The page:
Thank you, Mr. Chairman, and thank you to all members of the committee. I will not trespass long on your time, because we have with us people I want you to hear.
I wanted to set a bit of context. Some of you were in that Parliament—Don, certainly—in June 2012 when I first tabled Bill C-442 for first reading. We have had tremendous non-partisan, all-party support from the beginning. The bill was supported in the House of Commons unanimously and went to the Senate, where it was also supported unanimously.
The bill's nuts and bolts required a conference to be held, bringing in medical experts, federal-provincial government health departments, and people from what we now think of as the Lyme disease community, people such as some of the witnesses before us today, Sue and Jennifer.
I wanted to give you a sense that the conference was an extraordinary success. Our public health officer at the time, Greg Taylor, was very strong in saying that we needed to do more. We've been failing our patients. We've been failing people with Lyme disease across Canada.
I wanted to say briefly that now that the framework has been published, the committee's work for two days this week is very important. I know you'll hear evidence about how serious Lyme disease is, how fast it's spreading, and frankly, the hell on earth it has been for patients with Lyme disease. One of my constituents went to 18 different specialists before finally thinking, “Okay, maybe we'll try going to the States,” and then finally got some help.
The bottom line here, I believe, is that any Canadian experiencing Lyme disease should be able to get treatment in Canada, and we're not there yet. The Minister of Health herself doesn't have a magic wand, nor does she have the jurisdiction to make it so, but the framework gives us some tools. I wanted to point us in that direction, as the positive work going forward.
In the framework document, in appendix 1 is the federal action plan. I wanted to turn your attention to point 2 on education and awareness and point 3 on guidelines. Both of these sections point us in the direction of finding ways to educate medical professionals.
Medical professionals are a very educated bunch. I have the deepest respect for the doctors of this community. In fact, the Canadian Medical Association endorsed Bill C-442. Their letter endorsing it made the point that Lyme disease is an extremely difficult disease to diagnose. The advice, which I agree with in this framework, is that the diagnosis is primarily a clinical diagnosis. In other words, lab tests are quite unreliable, no matter where they are taken. False positives and false negatives are problems.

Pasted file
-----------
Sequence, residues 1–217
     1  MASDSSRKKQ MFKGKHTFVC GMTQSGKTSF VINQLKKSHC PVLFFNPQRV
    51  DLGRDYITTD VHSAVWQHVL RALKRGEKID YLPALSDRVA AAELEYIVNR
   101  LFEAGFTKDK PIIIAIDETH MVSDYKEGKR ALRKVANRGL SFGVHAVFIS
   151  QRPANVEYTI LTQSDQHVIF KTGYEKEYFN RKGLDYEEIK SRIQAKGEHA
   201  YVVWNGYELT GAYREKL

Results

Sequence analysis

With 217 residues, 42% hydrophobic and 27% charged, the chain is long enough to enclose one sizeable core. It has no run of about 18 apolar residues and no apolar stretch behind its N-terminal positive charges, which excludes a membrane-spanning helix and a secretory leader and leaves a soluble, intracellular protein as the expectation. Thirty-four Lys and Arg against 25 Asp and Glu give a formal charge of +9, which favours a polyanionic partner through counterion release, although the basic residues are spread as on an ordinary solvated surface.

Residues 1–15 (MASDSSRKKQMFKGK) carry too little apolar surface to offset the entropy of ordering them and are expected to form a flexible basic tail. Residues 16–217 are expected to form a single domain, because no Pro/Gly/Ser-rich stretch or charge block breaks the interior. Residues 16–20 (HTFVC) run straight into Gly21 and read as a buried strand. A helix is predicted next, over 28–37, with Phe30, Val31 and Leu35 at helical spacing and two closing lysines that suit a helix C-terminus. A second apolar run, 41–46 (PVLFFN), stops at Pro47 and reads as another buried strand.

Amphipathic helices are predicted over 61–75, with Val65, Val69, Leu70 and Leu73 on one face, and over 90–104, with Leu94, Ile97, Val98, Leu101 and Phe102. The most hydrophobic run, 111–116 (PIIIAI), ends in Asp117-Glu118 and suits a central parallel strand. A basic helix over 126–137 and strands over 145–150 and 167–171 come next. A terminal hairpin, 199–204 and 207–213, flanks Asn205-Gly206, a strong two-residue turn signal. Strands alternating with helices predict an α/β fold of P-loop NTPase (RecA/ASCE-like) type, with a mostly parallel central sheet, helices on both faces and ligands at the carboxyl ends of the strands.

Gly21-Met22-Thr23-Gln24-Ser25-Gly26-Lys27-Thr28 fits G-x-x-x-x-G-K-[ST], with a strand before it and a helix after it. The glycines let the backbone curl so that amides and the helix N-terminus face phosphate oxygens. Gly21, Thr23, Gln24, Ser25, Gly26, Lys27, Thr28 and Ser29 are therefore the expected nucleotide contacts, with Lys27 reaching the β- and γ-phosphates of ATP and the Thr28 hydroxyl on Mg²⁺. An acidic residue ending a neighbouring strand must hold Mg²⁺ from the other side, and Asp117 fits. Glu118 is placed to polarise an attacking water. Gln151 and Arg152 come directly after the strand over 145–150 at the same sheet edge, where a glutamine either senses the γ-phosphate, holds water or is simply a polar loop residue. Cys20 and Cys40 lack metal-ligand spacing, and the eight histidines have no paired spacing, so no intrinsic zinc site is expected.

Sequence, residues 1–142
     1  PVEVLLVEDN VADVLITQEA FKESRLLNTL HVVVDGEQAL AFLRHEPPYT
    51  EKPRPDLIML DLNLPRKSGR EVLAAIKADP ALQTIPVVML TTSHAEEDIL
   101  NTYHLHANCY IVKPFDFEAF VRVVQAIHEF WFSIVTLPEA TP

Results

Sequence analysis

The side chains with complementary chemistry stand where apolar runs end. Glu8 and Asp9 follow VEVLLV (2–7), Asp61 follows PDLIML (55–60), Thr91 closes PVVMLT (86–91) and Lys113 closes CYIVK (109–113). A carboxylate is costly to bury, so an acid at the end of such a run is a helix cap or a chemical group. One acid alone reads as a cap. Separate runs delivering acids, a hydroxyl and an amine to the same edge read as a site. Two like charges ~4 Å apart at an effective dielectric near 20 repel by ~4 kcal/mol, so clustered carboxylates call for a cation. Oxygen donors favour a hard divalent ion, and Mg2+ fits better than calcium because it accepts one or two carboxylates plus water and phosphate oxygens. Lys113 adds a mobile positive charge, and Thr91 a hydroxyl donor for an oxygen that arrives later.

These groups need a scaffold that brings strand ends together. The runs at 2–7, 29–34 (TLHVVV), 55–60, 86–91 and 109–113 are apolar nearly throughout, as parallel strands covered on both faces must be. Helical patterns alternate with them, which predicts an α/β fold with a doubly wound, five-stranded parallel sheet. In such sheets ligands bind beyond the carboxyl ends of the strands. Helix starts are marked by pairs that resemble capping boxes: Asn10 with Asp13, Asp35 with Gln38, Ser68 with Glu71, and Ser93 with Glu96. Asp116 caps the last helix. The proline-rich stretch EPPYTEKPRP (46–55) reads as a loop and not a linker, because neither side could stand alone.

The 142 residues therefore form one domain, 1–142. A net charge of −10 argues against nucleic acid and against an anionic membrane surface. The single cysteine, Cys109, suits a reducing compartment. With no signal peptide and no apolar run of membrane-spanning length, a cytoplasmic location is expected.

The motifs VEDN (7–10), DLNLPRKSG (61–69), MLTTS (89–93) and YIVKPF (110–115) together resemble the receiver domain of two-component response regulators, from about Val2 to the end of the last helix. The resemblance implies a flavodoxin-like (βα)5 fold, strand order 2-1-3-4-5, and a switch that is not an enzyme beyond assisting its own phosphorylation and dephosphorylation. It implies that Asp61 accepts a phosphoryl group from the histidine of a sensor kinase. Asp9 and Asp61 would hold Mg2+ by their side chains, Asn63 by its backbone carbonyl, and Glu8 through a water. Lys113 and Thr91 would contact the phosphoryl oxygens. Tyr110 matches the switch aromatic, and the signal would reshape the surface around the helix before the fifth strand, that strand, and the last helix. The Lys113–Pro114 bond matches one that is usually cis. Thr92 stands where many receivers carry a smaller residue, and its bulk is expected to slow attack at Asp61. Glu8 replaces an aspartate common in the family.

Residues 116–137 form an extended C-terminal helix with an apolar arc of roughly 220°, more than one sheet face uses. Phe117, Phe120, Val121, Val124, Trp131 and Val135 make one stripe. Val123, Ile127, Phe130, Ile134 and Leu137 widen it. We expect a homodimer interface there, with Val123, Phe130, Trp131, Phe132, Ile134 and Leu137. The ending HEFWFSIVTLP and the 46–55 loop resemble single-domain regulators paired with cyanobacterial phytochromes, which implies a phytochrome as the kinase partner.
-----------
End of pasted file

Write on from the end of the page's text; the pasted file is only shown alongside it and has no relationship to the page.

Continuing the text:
What we need, when someone presents with a weird range of symptoms, is for every medical doctor in Canada, every family doc, to think to themselves, “I wonder if it's Lyme disease.” If you respond quickly and with early treatment, if it is Lyme disease, this person will be restored to full health, but if you delay, thinking that maybe it's something else, you can actually end up having the disease become much more serious and last much longer.
Here are the two pieces I'm referring to. Under “Education and awareness,” it reads:
Develop a national tick and Lyme disease education and awareness campaign
—this is the federal commitment—
in collaboration with partners, that addresses...Recognition of Lyme disease symptoms [to assist] front-line professionals [to] perform early diagnosis and treatment
Then, under “Guidelines and best practices,” in point 3, it says:
Work with international public health partners
—because, by the way, Lyme disease is spreading very quickly in Europe—
to share best practices and disseminate domestically
These are areas where we don't yet have a clear sense of how we're going to do it. The commitment is there. It's clear that we can't polarize this issue with good guys and bad guys. That's not appropriate. Everybody here is a good guy. Everybody is trying to figure out what to do, to use the right tools, and to start ensuring that every Canadian who experiences Lyme disease is helped.
There are many people who have had it for a very long time, and those particular patients are a represented group where the research money will be very helpful. We have $4 million for research. That money, I hope, will go towards finding a vaccine but also towards finding ways to help people who have what's either described as post-treatment Lyme disease syndrome or chronic Lyme disease. I don't want to get involved in that ideological divide. I just know there are a lot of people in wheelchairs who need help.
I've taken longer than I actually told you I would, Mr. Chair. You said I could have five minutes. I said I wouldn't need that, but at 4 minutes and 43 seconds I will stop, and I thank you for your attention.